Future proof your website with an SSL Certificate
Not everybody will be familiar with the term SSL Certificate or HTTPS – for those who are not, SSL stands for Secure Sockets Layer. This is a technique for encrypting and authenticating data traffic over the web in order to improve the security of a website/domain. An encrypted link is established between a server and a client—typically a web server (website) and a browser, or a mail server and a mail client (e.g., Outlook).
HTTPS is short for Hyper Text Transfer Protocol Secure – this is the secure version of HTTP, the protocol over which data is sent between your browser and the website that you are connected to.
If your website handles sensitive data such as customer records, passwords, or operates as an e-commerce platform then having an SSL Certificate in place is already a necessity.
Google is placing a huge emphasis on sites who do and do not have HTTPS active. Google Chrome users may have recently noticed a change in the look of their browser… To help users navigate the web safely, Chrome indicates connection security with an icon in the address bar:
Likewise, if an unsecure website is asking you for sensitive information you are notified via the address bar:
This is part of a long-term plan to mark all HTTP sites as non-secure.
The current schedule according to Google is
“Beginning in January 2017 (Chrome 56), we’ll mark HTTP pages that collect passwords or credit cards as non-secure, as part of a long-term plan to mark all HTTP sites as non-secure.
Chrome currently indicates HTTP connections with a neutral indicator. This doesn’t reflect the true lack of security for HTTP connections. When you load a website over HTTP, someone else on the network can look at or modify the site before it gets to you.
A substantial portion of web traffic has transitioned to HTTPS so far, and HTTPS usage is consistently increasing. We recently hit a milestone with more than half of Chrome desktop page loads now served over HTTPS. In addition, since the time we released our HTTPS report in February, 12 more of the top 100 websites have changed their serving default from HTTP to HTTPS.
Studies show that users do not perceive the lack of a “secure” icon as a warning, but also that users become blind to warnings that occur too frequently. Our plan to label HTTP sites more clearly and accurately as non-secure will take place in gradual steps, based on increasingly stringent criteria. Starting January 2017, Chrome 56 will label HTTP pages with password or credit card form fields as “not secure,” given their particularly sensitive nature.
In following releases, we will continue to extend HTTP warnings, for example, by labelling HTTP pages as “not secure” in Incognito mode, where users may have higher expectations of privacy. Eventually, we plan to label all HTTP pages as non-secure, and change the HTTP security indicator to the red triangle that we use for broken HTTPS.”
Having an SSL Certificate in place can also help with Search Engine Optimisation. It has been rumoured for a while that Google places weight on those sites with one in place but it is only recently Google have announced changes to its indexing algorithm that gives a slight priority to sites that use SSL when defining search engine rankings. Their search team claims to be making the Internet safer by “making sure that websites people access from Google are secure.” As a result, website owners are being encouraged to apply SSL technology to their entire site to protect their customers and potentially receive a favourable Google ranking.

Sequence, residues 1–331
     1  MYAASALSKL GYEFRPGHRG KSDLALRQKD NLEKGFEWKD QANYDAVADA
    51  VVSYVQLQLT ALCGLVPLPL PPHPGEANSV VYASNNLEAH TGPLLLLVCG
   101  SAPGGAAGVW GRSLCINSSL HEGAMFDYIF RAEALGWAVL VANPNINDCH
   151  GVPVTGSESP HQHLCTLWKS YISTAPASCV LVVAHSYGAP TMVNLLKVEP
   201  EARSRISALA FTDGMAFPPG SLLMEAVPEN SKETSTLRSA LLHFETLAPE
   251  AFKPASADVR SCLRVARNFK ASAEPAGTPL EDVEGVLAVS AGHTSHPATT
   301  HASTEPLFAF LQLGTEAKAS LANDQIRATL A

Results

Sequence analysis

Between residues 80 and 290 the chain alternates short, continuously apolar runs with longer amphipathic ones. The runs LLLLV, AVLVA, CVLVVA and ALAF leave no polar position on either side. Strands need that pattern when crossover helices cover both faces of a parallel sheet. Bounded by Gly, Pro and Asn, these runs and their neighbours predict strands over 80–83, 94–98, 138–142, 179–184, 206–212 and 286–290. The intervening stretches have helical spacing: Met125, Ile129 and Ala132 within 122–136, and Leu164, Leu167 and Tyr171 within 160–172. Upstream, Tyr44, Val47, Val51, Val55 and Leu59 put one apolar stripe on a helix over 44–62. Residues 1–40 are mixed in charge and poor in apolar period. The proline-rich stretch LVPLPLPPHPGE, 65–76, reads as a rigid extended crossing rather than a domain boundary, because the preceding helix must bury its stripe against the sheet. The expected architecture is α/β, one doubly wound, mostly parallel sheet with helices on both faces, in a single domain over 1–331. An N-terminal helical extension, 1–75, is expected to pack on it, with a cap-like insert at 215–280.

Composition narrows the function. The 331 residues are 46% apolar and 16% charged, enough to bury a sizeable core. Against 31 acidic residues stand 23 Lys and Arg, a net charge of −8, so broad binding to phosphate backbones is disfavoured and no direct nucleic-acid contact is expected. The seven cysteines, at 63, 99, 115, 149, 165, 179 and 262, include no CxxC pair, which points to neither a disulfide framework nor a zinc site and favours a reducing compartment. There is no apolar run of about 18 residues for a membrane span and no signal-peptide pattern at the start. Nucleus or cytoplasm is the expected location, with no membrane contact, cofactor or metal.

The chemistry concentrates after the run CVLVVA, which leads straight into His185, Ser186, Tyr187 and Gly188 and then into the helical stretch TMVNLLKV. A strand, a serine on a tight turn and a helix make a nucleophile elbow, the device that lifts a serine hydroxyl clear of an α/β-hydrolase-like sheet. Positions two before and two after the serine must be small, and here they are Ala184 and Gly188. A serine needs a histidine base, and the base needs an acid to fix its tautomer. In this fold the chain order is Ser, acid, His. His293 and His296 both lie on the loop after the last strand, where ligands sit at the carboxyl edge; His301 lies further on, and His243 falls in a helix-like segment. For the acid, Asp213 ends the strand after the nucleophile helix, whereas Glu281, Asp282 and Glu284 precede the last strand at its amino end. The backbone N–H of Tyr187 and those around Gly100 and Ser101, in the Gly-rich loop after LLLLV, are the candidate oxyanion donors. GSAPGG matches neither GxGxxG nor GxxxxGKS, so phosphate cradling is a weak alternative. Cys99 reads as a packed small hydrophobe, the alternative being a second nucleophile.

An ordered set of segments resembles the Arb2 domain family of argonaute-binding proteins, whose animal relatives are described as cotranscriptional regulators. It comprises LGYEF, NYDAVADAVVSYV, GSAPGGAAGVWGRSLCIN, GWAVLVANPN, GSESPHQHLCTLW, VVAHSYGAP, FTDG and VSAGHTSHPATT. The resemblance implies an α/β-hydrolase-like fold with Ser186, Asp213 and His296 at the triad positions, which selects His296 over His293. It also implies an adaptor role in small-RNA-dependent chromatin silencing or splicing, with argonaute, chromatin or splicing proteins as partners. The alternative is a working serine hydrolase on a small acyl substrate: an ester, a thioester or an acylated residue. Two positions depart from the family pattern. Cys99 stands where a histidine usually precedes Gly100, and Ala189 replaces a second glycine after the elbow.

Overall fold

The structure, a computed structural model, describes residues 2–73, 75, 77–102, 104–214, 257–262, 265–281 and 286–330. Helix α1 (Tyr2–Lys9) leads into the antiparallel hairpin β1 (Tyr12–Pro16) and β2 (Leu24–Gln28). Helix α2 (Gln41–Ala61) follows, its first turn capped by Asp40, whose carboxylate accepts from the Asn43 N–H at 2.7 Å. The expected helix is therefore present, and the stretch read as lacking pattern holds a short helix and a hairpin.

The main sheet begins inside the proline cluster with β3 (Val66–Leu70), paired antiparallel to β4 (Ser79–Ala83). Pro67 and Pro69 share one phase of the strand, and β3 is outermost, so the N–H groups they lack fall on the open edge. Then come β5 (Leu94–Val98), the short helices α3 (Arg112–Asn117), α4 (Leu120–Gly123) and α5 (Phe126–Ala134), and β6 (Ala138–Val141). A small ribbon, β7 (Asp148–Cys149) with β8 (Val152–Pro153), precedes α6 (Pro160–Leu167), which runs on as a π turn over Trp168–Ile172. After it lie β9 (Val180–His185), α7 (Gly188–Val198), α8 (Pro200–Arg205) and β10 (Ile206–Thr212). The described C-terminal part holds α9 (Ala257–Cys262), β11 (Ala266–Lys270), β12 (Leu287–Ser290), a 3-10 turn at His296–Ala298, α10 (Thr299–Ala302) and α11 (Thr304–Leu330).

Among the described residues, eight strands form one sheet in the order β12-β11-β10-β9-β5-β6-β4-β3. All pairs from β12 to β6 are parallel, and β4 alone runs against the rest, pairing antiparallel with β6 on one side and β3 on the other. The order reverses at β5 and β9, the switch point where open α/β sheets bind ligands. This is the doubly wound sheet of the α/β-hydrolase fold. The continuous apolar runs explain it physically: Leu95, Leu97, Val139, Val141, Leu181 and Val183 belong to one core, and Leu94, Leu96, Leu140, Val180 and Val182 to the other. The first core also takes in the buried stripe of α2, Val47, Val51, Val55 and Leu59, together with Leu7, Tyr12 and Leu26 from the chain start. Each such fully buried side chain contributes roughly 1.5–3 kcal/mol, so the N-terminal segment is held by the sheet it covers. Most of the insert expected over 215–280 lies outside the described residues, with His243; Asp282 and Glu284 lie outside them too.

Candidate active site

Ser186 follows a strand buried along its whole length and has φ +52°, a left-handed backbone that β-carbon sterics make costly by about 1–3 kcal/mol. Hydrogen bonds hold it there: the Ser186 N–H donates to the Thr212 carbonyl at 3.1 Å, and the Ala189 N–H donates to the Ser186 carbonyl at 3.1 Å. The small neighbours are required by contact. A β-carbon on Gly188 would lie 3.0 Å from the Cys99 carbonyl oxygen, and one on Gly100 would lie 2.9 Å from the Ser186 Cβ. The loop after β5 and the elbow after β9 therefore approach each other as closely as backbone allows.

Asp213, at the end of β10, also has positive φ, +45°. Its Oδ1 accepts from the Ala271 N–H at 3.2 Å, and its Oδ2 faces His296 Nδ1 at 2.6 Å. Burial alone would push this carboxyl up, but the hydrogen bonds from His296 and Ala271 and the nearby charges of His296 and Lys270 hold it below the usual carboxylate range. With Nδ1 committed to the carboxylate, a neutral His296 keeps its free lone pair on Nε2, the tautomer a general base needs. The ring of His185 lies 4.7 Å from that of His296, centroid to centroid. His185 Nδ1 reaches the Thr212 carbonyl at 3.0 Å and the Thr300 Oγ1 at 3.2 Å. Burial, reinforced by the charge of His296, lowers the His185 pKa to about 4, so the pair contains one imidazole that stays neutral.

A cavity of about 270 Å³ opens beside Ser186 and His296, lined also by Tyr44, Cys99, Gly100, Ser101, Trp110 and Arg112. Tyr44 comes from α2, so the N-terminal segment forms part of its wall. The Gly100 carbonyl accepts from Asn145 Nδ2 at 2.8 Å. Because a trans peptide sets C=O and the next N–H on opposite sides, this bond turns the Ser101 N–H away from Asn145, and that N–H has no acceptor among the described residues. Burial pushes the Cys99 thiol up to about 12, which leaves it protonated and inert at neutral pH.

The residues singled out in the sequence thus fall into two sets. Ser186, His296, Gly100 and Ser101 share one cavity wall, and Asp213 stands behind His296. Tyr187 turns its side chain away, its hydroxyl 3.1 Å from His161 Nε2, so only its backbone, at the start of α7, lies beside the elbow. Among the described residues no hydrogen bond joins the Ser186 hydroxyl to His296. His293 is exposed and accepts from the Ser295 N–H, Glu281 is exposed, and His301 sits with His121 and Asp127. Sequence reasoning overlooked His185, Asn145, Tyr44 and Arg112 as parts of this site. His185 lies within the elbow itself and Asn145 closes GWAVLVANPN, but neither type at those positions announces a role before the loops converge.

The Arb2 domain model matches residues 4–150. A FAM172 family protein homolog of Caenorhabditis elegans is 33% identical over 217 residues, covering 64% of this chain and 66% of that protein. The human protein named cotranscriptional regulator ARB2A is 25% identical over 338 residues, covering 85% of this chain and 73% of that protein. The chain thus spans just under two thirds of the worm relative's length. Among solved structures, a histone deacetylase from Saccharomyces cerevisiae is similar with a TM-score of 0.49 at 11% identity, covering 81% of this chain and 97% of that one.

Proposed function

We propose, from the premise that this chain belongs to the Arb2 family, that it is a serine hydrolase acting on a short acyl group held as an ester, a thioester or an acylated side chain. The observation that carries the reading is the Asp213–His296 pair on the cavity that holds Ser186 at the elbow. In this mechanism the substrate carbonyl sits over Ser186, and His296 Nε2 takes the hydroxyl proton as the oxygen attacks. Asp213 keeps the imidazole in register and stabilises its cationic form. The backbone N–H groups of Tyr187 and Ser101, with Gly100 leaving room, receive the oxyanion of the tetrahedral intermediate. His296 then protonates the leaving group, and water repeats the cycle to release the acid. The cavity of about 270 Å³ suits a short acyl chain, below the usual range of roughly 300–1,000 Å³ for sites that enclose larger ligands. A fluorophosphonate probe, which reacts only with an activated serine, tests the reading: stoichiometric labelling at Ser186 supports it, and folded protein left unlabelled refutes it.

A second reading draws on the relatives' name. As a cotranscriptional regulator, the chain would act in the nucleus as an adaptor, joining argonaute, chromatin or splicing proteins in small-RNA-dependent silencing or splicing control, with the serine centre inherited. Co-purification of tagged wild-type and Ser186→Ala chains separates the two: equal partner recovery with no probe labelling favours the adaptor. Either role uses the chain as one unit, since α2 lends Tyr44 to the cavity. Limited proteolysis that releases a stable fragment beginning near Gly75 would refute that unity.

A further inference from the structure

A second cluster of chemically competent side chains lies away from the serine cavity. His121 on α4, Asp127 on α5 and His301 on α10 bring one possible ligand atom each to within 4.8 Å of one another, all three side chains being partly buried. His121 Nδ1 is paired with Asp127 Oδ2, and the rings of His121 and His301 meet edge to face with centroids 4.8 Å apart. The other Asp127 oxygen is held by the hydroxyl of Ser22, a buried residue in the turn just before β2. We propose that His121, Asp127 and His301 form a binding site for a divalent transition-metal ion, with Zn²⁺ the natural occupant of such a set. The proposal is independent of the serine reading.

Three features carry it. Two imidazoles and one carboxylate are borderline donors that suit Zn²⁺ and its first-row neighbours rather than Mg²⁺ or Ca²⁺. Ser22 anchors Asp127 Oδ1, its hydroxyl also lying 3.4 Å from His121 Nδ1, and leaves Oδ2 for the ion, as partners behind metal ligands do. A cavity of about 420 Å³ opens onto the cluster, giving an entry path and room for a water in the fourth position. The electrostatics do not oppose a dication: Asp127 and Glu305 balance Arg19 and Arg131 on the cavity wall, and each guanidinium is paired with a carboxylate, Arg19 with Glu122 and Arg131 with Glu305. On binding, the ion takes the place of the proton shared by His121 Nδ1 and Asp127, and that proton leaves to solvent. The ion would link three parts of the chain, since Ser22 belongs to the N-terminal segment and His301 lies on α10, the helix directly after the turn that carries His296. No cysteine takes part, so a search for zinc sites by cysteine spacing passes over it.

You can join the ever-growing number of secure sites by obtaining an SSL Certificate from us here at Clook. We have made the process as automated as possible and assuming you are able to respond to verification emails promptly aim to have a certificate installed for you within just 2-3 hours from the point of ordering (during business hours). The input from the purchaser is minimal and no technical knowledge is required.
A list of the SSL Certificates available can be viewed on the Clook website. The guide below should help you decide which certificate is right for you…
This certificate comes with a basic level of encryption. The AlphaSSL is ideal for personal websites or small businesses without e-commerce. Quick to validate, these certificates can be installed within a couple of hours of ordering.
This SSL provides medium range coverage. A DomainSSL is ideal for small-to-medium businesses or organisations without complex security needs beyond basic e-commerce.
With increased recognition, OrganizationalSSL is perfect for medium-to-large businesses or organizations with complex security needs and those storing customer accounts and sensitive information.
A wildcard SSL allows multiple subdomains to be covered under one certificate – eg shop.yourdomain.com; mail.yourdomain.com, etc. These are available to add to Alpha, Domain & Organisation SSLs.
Extended Validation (EV) SSL
This SSL Certificate shows the green URL bar in browsers and provide the most extensive recognition, coverage and warranty. EVSSL is ideal for high-security businesses and organizations with extremely sensitive personal or financial information.
If you have any queries please do contact our knowledgeable team on 03300 885 250 or email@example.com
Office Manager & Customer Account handler at Clook Internet. SEO Enthusiast & WordPress Web Developer in my spare time. Outside work I’m a supporter of Blackburn Rovers, like fast cars and watching fast bikes…